For today’s production and manufacturing lines, plastic bags are one of the most common surfaces that require date codes. This is because so many of the goods packaged in this way—whether they be coffee beans, candy, pet food, or even detergent pods—need to be marked with proper expiration dates to maintain industry standards and impart important information to consumers. As a result, manufacturers need to understand how to optimize their production lines to encode this important information without fail.
However, to determine what the best approach to this task will be, you first need to know what production specifics to consider. Let’s do a quick breakdown of important production line considerations when encoding expiration date stamps for plastic bags and evaluate what printers will best target these needs.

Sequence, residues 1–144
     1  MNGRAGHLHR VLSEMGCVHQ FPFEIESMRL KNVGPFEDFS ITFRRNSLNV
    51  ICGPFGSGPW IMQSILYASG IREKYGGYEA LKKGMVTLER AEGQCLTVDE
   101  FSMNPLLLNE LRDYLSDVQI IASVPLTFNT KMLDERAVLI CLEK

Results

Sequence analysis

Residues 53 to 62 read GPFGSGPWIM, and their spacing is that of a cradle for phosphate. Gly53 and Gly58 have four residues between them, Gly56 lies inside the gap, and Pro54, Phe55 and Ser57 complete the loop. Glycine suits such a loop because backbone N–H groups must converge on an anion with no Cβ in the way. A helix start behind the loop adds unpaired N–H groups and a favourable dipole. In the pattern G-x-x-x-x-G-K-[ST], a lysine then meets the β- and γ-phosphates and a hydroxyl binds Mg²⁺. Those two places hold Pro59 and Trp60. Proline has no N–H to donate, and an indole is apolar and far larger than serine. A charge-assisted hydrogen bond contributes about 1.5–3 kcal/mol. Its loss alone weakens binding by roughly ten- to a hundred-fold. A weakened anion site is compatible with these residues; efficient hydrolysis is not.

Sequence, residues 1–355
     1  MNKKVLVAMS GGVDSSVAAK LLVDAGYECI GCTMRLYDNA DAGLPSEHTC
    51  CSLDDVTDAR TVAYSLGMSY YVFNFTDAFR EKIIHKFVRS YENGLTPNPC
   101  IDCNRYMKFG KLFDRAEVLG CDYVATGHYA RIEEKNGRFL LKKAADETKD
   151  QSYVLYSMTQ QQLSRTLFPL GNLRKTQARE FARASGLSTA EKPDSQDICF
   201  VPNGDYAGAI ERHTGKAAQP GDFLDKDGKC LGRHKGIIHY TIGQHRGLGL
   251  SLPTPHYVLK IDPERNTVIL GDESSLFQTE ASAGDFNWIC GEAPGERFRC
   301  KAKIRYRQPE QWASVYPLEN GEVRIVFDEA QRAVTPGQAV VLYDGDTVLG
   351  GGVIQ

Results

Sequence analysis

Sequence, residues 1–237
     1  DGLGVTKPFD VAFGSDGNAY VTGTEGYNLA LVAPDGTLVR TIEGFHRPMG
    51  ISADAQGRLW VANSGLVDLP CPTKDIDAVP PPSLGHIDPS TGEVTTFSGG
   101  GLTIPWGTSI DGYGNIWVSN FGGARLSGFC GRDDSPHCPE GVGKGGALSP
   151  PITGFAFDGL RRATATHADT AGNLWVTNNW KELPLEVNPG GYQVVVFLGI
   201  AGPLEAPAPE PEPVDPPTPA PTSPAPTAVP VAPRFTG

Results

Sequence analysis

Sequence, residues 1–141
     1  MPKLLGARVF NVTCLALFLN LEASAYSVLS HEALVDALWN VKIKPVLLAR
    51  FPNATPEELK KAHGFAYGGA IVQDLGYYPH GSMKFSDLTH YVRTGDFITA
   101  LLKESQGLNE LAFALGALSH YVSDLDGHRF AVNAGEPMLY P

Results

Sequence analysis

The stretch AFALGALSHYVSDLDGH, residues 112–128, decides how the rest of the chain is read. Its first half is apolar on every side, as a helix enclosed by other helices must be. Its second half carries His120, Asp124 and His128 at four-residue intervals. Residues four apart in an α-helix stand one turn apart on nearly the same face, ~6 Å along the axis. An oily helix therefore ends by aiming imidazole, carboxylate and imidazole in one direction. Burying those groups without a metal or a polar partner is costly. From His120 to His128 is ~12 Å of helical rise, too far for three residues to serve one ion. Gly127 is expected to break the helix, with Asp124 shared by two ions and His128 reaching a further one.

Important Considerations for Your Production Line
Is the Bag Filled?
In most circumstances, encoding is best performed on empty plastic bags. In these cases, the bags lie flat on the belt as they’re fed toward a stationary printer that prints the necessary codes. Depending on the specific line setup, these bags can either still be a part of the original roll or already divided.
For setups that require printing on filled bags, today’s technology can adapt. As an example, click on the screenshot below to see footage of a continuous inkjet (CIJ) printer encoding expiration date stamps on filled plastic bags.